Paleozoic Era: Ordovician Period 

485–444 Ma

The Ordovician: a great diversification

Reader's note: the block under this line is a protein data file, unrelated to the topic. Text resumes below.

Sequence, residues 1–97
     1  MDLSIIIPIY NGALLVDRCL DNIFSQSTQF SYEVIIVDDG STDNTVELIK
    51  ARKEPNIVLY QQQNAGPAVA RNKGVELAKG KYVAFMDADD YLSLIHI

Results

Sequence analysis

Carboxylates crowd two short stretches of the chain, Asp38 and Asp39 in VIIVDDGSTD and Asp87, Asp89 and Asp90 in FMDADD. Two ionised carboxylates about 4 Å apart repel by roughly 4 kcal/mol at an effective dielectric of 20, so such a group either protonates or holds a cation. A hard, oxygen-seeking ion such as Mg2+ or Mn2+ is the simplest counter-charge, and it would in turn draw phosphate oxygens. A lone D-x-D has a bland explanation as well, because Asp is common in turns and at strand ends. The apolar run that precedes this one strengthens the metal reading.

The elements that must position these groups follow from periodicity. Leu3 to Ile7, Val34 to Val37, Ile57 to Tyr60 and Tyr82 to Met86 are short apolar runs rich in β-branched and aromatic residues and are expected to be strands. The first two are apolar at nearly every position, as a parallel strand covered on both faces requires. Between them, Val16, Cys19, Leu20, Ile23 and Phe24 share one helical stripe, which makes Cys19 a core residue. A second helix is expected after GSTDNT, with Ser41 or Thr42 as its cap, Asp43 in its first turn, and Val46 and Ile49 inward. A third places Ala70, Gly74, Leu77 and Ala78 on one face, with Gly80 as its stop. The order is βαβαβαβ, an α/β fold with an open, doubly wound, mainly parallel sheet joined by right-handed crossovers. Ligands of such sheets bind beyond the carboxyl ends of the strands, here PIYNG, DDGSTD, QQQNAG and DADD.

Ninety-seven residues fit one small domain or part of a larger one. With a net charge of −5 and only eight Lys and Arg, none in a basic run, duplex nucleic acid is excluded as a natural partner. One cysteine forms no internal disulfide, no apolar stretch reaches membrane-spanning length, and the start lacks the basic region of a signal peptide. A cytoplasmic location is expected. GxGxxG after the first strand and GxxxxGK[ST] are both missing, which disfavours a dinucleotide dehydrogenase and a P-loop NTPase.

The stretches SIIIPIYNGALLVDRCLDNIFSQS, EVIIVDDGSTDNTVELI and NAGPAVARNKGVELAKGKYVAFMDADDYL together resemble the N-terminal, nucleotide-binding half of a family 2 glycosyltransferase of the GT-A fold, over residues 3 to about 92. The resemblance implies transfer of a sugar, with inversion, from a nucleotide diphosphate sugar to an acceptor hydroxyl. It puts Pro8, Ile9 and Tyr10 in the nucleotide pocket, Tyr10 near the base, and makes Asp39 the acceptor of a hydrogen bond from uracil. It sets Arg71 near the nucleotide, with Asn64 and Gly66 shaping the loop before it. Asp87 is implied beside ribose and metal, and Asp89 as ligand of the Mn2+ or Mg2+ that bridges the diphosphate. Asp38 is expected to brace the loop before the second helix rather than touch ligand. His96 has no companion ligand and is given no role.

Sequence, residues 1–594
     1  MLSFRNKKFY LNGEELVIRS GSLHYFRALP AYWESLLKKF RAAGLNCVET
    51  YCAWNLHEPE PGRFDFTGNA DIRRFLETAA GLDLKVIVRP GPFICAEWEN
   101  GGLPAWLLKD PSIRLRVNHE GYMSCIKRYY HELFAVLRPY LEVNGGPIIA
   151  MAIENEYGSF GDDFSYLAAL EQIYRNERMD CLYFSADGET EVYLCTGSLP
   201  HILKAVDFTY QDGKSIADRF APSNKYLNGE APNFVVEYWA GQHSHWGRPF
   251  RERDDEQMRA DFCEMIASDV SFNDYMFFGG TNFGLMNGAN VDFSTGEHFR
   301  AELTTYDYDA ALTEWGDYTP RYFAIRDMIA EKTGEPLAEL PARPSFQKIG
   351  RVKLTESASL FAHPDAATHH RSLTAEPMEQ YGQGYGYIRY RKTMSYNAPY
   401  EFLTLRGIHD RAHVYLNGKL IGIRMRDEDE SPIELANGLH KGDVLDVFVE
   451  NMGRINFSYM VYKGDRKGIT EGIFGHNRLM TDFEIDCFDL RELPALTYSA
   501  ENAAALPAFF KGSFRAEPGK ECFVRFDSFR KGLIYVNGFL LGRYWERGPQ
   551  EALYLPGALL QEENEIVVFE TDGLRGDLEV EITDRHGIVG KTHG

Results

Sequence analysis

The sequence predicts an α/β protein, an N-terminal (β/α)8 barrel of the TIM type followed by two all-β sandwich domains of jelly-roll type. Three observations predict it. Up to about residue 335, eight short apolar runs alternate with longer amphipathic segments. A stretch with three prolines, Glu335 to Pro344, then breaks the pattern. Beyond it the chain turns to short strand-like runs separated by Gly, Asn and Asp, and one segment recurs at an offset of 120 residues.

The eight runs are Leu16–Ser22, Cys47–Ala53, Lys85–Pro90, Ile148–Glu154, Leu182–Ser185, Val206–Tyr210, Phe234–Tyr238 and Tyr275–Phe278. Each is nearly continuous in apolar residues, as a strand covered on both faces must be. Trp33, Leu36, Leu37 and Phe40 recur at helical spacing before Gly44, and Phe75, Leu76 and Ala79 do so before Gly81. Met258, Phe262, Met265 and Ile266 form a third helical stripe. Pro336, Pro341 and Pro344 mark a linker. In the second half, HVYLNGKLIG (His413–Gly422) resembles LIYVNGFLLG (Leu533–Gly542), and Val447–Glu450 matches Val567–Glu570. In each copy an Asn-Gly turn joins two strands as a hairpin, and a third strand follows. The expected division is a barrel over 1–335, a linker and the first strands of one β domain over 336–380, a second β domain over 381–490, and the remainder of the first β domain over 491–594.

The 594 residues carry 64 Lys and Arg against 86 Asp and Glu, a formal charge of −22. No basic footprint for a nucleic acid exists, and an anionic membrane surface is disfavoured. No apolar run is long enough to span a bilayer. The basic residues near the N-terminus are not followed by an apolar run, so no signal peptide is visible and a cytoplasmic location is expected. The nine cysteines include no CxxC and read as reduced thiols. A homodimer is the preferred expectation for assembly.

The Cambrian Explosion wasn’t the only major evolutionary radiation in the Paleozoic Era, nor was it the biggest—that title goes to the aptly named Great Ordovician Biodiversification Event (or GOBE for short). This event saw a fourfold expansion of marine animal genera, including the diversification of brachiopods, cephalopods, crinoids, graptolites, conodonts, and some of the earliest fish known, along with building diversity of trilobites and other arthropods. Most of the Earth's land masses were collected together in the supercontinent Gondwana, which was moving through the southern hemisphere towards the south pole. Surrounded by extensive seas of the Panthalassic, Iapetus, and Paleo-Tethys Oceans, the shallow platform around Gondwana was teeming with this new animal diversity. Amongst the animals shown here, the large trilobite Isotelus scurries across the seafloor while large predators lurk behind, including the giant orthoconic nautilus, Endoceras—a huge cephalopod related to today’s octopus but wearing a straight, conical shell. The nautiloids weren’t the only giants here, though, as Pentecopterus also draws near. This large eurypterid, or sea scorpion, is known from nearby Iowa, where it was discovered, and could reach a length of 2 meters. Swimming into the neighboring Silurian Period are also several forms of very early fishes, including the bony, helmeted Xiushanosteus and cartilaginous Shenacanthus most recently reported from an exceptional fossil deposit in the earliest Silurian of South China, which provides excellent support to divergence estimates of jawed fishes originating here in the late Ordovician. In the far background, in fact on land, the broad ranging mountain is to signify the Taconic orogeny, the mountain-building event that ceased around 440 million years ago and was one of the collisional events responsible for building the Appalachian Mountains. In addition, fossil spores comparable to those of younger land plants have been found in Ordovician rocks, providing our strongest evidence to-date that plants had started to invade terrestrial environments during this interval. The end of the period was ushered with the Earth's first big biosphere crash, known as the Late Ordovician Mass Extinction (or LOME). The earliest of the "big five" mass extinction events, the LOME was also one of the biggest, ranking 2nd on the list, with approximately 85% of all known species going extinct. While studies are still debating the cause of this extinction, the positioning of Gondwana over the south pole, allowing for extensive glaciation and a cooling climate, may have played a role.